While putting together the following poster I had a moment of realisation – some people spend their lives trying to get a book out of them; so far I’ve got 6 published (I’ve removed the follow up to Winner for now) with at least two more to come. They may not be from a huge publishing house like Penguin, but they are out there, and selling. The Magic of the Camino has been my most popular work so far selling all over the world.

Perhaps the same blood as Shakespeare does mean something after all. Yes seriously Wills is my cousin!

2017-5 house of TulStig Books Poster jpeg


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Citizen Me

Little by little I am getting everything together for my application for Spanish citizenship.

A little while ago Carla and Nick sent off the Police Check for legalising, after they had checked it out with a local solicitor.  That came back by DHL quickly enough.

Yesterday I was another step closer.  On a visit to Sitges I picked up the translations of my birth certificate and the UK Police Check.  I’d only emailed the copies a couple of days ago so was pleased they were translated so quickly, as some translations seem to take forever to get back.  And at a bargain price too.

2017 Traduccion for Citizenship 01


Once the certificate confirming I have passed the language exams I will organise getting the local police certificate, and get the empadronamiento (Proof of residence in VnG) and then will be ready to go to the registrar with my application…… poc a poc, as we say here.

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Eddy lay on his bed rubbing his eyes, still in disbelief.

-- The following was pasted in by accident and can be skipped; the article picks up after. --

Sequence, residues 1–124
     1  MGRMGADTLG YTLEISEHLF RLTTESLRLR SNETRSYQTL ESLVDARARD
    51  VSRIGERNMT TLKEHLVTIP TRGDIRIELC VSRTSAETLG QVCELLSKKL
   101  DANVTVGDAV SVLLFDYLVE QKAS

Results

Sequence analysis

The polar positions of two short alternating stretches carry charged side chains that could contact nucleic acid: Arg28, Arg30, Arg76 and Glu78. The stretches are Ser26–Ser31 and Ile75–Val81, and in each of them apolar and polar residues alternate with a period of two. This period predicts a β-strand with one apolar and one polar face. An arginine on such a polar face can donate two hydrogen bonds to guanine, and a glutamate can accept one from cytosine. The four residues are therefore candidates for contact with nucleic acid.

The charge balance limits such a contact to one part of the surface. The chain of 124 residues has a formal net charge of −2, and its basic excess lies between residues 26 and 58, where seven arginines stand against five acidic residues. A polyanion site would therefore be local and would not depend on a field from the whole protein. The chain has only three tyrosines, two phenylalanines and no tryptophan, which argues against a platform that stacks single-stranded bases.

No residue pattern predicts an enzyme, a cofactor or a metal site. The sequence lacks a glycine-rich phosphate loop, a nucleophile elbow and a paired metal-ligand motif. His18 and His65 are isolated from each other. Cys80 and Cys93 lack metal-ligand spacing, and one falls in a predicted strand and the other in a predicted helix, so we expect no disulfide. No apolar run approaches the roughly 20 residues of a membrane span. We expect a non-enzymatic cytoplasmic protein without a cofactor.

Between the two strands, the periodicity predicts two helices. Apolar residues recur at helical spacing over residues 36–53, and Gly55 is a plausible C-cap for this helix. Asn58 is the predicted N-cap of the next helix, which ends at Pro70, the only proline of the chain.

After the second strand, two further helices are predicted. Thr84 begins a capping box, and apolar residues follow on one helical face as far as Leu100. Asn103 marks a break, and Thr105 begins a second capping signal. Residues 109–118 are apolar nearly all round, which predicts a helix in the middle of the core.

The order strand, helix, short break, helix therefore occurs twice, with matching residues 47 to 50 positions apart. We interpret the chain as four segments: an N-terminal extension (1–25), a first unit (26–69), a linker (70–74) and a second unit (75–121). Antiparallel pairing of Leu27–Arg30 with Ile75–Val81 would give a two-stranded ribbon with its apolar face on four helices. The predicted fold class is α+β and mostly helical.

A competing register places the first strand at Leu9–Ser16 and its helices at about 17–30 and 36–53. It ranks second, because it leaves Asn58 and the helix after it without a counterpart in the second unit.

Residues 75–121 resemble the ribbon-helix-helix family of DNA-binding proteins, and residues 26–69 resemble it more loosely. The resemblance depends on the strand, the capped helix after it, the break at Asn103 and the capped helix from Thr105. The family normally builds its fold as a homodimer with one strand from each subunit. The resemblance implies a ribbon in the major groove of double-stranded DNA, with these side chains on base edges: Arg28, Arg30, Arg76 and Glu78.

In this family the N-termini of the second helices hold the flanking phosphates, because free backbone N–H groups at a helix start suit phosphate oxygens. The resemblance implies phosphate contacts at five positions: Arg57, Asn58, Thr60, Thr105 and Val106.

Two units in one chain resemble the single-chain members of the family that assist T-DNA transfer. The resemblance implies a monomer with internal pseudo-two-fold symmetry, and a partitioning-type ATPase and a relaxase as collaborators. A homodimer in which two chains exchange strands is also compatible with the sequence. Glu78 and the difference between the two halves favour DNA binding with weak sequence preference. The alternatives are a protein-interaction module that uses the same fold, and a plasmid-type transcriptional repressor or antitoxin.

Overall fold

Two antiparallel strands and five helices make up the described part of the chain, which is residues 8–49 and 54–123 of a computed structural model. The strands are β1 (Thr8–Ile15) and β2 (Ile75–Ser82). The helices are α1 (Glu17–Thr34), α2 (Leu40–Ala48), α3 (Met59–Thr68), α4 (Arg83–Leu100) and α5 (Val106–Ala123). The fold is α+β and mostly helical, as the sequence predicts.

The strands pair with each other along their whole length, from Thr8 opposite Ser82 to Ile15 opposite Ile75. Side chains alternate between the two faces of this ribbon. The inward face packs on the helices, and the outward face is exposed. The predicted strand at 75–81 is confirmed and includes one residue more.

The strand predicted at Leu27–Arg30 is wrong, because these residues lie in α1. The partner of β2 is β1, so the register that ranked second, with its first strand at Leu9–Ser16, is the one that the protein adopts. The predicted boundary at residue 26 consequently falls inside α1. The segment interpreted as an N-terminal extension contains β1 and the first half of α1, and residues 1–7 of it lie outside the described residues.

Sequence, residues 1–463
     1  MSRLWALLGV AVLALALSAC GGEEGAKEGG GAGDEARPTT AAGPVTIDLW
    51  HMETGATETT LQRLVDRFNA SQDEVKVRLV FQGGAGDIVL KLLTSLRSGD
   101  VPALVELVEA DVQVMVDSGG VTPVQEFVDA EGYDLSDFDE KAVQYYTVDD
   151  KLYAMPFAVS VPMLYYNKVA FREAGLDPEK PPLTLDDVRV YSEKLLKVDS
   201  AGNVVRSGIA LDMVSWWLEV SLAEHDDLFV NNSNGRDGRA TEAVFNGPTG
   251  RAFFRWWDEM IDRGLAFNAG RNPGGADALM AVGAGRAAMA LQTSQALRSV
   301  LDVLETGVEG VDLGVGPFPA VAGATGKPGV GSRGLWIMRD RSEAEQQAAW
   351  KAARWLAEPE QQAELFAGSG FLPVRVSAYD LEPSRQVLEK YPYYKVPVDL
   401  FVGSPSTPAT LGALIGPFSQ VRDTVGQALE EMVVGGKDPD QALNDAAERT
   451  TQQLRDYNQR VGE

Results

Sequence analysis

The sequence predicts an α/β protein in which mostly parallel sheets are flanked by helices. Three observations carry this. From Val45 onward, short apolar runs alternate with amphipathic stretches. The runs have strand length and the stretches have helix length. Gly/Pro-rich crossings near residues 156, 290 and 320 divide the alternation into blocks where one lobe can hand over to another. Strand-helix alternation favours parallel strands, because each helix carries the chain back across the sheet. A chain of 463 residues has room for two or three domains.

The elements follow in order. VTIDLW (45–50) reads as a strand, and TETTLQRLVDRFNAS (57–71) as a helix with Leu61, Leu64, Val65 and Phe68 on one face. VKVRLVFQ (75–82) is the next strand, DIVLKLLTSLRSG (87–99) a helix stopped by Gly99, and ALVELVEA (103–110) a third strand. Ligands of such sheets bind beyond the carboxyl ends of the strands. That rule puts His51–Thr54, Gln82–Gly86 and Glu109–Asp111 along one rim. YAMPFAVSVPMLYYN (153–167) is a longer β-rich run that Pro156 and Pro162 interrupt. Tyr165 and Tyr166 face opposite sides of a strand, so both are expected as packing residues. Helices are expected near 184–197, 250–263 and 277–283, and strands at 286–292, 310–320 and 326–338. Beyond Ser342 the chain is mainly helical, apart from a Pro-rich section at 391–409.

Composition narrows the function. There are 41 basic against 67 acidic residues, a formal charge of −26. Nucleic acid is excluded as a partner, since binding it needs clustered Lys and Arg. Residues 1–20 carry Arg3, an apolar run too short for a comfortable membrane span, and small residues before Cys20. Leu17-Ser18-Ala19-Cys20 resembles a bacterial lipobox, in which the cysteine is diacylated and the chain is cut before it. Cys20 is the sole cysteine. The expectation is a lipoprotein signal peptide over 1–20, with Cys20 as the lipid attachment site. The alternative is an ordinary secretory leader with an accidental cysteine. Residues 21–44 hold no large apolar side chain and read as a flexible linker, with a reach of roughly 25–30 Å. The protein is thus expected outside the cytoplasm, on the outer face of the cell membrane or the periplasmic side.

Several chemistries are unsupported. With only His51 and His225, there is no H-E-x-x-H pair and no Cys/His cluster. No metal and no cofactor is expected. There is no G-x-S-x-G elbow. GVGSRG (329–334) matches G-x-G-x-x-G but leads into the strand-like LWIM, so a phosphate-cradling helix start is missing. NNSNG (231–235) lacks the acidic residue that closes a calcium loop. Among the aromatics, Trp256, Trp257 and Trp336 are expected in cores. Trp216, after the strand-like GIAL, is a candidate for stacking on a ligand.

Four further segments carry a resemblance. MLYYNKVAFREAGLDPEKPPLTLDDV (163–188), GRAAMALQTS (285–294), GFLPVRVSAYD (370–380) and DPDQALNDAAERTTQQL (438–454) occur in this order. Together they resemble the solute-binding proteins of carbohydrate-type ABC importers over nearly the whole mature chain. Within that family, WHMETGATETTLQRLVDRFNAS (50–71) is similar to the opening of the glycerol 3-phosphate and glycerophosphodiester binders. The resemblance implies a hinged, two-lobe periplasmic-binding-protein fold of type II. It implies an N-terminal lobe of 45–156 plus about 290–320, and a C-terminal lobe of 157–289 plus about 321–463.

Just moments before he had been sleeping, albeit fitfully. He had been woken by a rumbling that had entered his dream and shaken his bed. He couldn’t remember the dream but he could remember the shaking. It had felt like a train rushing past at high speed. Eddy thought that perhaps there had been an earthquake, but in deepest Essex?

Suddenly aware of a presence Eddy leaned over and turned on his bedside light.  He grabbed his glasses and as he settled them on the end of his nose his room came into clear view.

“Who the hell are you? How did you get in here? And what do you want? Jeez.”  The questions spilled from his mouth.

“You were dreaming.”  The strange man at the foot of the bed told him. “May I sit?” he asked gesturing to a chair to the side.

“So?” Eddy could feel his words were still slightly slurred having been woken so suddenly.  He wasn’t truly sure he was awake. With sarcasm in his voice he nodded, “Yes, feel free.”

“Thank you.” the man said and sat. He was dressed in a strange checked suit and was holding a small document case. He looked like a lawyer or solicitor but the suit said he wasn’t.  Eddy didn’t think he was a threat, unless the document case held a colt weston. “As I said, you were dreaming, and in your dream attracting.”